“Failing to prepare is preparing to fail,” according to legendary UCLA basketball coach John Wooden. College athletes who master the scout, go the extra mile in practice, and evaluate their performance after each game tend to be successful on the court/field. Likewise, lawyers who perform the best in an interview are the ones who take the time to prepare for and to assess what they could have done better afterward. Thorough preparation and self-assessment are necessary exercises for lawyers at all levels, from inexperienced entry-level lawyers to partners seeking to make a strategic move who have not interviewed in many years.
What makes a lawyer stand out from others in the interview process? Most of us have wondered why we didn’t get the job. You can maximize your chances of landing the offer by preparing for your interview like an athlete prepares for competition.
Master the scout. Conduct your own scouting first by studying the law firm’s website. Familiarize yourself with the firm’s culture and how the firm talks about itself and its accomplishments. Read the about us section and its recent news articles. Study the careers page. Some firms even will suggest questions to ask the interviewers. Study the practice area for which you are interviewing, the lawyers in that practice, and the bios of the interviewers.
Practice, practice, practice. After mastering the scout, a lawyer, like an athlete, should practice, refine, and practice again to maximize his or her chances of winning. Practice talking about yourself, your practice and your goals. When I work with a lawyer to prepare him or her for an interview, we anticipate a broad range of questions and walk through possible answers. You must be able to answer questions that will enable the interviewers to decide why they should hire you, why you are interested in their practice, and whether you will be a fit. At a minimum, you must know how to navigate these basics:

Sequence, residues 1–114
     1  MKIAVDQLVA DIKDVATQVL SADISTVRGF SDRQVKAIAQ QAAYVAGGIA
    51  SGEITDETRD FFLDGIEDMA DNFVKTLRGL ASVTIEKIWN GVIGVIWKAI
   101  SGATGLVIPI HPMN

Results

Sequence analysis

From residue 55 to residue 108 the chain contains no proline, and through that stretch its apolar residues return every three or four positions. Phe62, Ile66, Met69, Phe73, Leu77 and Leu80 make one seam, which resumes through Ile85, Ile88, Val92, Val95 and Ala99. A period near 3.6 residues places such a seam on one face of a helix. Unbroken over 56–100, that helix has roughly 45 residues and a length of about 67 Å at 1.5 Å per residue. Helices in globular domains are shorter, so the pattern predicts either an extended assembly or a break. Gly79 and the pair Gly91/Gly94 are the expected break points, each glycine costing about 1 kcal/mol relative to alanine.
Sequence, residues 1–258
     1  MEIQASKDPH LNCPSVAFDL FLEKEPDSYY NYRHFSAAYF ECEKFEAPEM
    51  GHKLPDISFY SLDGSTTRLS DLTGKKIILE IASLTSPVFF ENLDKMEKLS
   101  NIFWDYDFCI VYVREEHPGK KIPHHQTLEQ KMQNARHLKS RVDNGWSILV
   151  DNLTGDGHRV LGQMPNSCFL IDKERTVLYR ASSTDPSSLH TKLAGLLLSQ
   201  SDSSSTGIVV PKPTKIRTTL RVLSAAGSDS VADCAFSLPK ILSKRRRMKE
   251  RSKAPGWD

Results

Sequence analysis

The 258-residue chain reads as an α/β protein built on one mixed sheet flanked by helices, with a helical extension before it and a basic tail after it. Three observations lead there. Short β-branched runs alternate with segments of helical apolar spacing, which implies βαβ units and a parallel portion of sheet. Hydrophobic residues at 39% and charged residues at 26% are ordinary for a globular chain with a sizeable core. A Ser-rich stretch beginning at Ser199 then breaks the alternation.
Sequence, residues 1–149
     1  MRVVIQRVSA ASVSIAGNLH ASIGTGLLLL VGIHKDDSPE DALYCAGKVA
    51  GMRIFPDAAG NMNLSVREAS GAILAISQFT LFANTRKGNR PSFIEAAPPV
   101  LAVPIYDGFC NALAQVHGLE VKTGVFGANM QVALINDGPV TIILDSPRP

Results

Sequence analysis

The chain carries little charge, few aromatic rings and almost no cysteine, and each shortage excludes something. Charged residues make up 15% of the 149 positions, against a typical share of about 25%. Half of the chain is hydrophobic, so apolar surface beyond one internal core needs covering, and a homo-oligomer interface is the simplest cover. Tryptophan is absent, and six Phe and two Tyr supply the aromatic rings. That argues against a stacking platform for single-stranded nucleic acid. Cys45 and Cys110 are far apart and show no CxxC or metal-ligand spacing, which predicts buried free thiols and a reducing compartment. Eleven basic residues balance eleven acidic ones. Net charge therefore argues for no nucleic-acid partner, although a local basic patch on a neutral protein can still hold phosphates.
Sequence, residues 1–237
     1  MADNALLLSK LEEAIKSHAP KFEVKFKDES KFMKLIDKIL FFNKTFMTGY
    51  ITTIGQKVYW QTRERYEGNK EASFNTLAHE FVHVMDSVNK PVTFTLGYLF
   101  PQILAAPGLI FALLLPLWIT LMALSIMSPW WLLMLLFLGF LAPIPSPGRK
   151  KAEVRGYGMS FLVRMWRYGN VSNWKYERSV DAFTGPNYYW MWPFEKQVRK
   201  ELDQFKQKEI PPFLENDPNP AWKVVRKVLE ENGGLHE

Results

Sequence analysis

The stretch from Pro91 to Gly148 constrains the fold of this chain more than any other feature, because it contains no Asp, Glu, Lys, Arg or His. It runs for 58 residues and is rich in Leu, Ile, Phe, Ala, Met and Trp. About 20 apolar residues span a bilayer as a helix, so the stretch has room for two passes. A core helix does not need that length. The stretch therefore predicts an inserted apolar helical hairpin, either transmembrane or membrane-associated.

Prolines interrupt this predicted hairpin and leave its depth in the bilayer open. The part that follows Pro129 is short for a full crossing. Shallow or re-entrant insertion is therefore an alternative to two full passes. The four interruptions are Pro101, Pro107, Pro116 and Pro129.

Prepare answers to behavioral interview questions. Behavioral interviews are based on the premise that past behavior is indicative of future performance. Lawyers ask behavioral interview questions to determine how you will perform in their environment. An example of a behavioral interview question is: “Tell me about a time when you had to persuade your boss to view a situation your way.” Respond like a high performer by using the PARLA method: stating the problem; discussing the actions you took; describing result of those actions; explaining what you learned from the experience; and, where appropriate, how you have applied lessons learned.
Show you are a team player. Law firms seek lawyers with leadership qualities who will collaborate well with others. Prepare for questions related to leadership and teamwork. Other questions will attempt to assess your emotional intelligence and your intellectual humility. Can you help others succeed? Do you own mistakes and losses? Are you comfortable admitting what you do not know? Your answers to questions designed to elicit this information will suggest whether you will be a solid team member.
Assess your performance. After each interview, write down some of the questions you were asked. Think about how you answered them and refine your answers and questions for the next interview.
Interviewing is a learned skill and you will become more comfortable in that setting each time you interview. You should be able to tell the interviewers about yourself in a succinct way that will shape how your interviewers perceive you. Start every interview armed with knowledge of the firm and your practice area and be prepared to recite key information from your resume that is relevant to this role. If you are prepared with information and practice your answers ahead of time, you will be going into an interview with your game face on and ready to play ball.